[GB: You missed half of it. You are right about deduction being micro, a logical consequence of the information at hand. What you consider induction is really deduction, which “takes the same assumptions and identifies logical relationships between one or more of their properties.” Deduction occurs in a closed system (that is why I call it microcosmic); induction obtains information from outside the system (that is why I call it macrocosmic). You implied this yourself when you mentioned how Andraka brought information about antibodes, nanotubes and electrical resistance to the problem at hand. Induction always requires convergence from outside the microcosm. You recognized this with your word “consolidated.” Once brought to the table, the data, theories, or ideas can be used to discover their logical consequences. After all, that is how we get new ideas. We combine old idea A with old idea B to form new idea C. That is why those with experience in many disciplines and those who travel widely come up with so many innovations. That is why the solution to many a puzzle involves induction (macrocosmic thinking). We often need to “think outside the box” or travel far to bring back the missing piece that will complete the puzzle.]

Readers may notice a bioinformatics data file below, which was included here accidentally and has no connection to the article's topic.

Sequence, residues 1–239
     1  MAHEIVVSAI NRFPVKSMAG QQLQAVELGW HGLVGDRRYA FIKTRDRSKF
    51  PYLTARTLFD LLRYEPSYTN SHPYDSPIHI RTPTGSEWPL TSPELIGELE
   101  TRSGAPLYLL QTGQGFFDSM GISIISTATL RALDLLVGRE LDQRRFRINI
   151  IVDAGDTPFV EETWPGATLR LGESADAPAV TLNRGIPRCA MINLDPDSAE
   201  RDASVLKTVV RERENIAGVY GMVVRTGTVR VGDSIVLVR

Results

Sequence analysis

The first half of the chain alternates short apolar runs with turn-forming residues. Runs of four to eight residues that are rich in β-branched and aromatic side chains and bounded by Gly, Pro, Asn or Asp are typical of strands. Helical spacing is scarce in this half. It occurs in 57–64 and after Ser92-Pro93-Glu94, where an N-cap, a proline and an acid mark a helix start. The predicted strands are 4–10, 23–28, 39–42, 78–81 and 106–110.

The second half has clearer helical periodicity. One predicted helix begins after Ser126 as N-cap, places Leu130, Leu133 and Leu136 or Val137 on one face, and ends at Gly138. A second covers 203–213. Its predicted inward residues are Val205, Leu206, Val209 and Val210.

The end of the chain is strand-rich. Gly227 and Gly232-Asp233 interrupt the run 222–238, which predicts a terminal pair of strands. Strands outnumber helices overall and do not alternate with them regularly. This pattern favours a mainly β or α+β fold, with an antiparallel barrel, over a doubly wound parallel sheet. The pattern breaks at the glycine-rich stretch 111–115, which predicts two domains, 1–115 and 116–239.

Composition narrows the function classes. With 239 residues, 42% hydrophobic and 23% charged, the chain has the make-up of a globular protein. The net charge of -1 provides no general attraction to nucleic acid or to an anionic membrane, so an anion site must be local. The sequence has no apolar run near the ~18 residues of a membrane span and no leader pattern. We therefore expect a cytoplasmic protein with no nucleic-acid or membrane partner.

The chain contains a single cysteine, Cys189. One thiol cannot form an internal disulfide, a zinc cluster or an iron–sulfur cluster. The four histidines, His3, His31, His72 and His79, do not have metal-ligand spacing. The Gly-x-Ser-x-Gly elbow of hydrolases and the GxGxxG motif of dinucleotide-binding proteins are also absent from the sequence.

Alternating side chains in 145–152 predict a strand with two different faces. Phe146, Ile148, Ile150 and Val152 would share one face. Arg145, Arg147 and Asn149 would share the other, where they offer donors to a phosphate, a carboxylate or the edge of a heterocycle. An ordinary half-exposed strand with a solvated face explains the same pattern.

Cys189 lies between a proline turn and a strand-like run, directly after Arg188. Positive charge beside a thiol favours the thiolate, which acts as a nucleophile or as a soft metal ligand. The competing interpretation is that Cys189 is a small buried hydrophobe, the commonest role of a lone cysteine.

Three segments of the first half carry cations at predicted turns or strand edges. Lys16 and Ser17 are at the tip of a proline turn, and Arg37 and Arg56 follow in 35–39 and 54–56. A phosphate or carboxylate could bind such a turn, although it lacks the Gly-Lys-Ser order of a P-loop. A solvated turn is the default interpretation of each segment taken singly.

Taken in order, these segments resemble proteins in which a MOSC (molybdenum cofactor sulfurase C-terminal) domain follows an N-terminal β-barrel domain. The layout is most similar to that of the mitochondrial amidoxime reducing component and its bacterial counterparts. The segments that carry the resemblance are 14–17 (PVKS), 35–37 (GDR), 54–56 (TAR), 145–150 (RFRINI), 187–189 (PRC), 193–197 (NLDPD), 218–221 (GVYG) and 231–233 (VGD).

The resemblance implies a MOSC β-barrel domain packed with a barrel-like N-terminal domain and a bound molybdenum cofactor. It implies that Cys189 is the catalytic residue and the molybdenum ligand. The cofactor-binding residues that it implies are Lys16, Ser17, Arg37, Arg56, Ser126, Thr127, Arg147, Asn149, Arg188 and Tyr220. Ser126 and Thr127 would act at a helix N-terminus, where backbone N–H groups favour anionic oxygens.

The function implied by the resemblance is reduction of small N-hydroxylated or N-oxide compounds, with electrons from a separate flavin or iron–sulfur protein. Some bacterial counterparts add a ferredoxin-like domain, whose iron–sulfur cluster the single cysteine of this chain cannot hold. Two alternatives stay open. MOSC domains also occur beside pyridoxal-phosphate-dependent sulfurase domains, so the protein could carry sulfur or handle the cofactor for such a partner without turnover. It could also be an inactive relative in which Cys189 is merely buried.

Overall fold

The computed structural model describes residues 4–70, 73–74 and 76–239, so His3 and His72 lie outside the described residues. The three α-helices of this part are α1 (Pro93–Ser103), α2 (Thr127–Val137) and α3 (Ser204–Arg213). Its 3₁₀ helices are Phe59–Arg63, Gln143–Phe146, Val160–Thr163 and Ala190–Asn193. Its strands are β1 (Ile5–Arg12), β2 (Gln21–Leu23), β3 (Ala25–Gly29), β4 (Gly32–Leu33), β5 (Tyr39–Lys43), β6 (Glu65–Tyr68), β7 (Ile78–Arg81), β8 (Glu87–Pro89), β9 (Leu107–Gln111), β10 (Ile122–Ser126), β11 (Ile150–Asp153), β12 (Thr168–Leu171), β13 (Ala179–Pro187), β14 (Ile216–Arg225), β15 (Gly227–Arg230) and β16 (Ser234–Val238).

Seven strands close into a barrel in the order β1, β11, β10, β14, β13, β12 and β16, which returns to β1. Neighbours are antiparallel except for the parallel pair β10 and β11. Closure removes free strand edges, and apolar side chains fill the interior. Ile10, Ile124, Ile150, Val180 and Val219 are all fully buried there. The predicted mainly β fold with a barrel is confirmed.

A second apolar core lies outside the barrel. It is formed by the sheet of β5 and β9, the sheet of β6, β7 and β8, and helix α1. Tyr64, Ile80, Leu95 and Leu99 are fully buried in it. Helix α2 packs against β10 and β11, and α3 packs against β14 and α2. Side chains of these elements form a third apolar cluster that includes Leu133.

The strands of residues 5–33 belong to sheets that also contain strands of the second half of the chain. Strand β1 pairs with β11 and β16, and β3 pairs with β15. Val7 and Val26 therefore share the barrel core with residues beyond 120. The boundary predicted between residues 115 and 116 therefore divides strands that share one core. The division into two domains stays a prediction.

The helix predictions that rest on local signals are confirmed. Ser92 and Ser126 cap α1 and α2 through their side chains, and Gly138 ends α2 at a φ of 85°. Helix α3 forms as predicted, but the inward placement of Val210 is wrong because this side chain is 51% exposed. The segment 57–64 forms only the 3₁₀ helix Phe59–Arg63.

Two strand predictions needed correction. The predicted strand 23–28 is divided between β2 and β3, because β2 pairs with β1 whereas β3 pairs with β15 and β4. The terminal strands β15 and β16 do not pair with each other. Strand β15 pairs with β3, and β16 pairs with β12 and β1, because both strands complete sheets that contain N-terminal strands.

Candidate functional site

TSW:  "With macrocosmic thinking (induction), we search for materials normally not considered within the confines of the microcosm of the problem. This approach, although often inefficient, is potentially the most creative."

BW: I agree, but there's nothing macroscopic about it. Here's an interesting article on analytical induction and deduction, titled "Predicting the Future is Hard":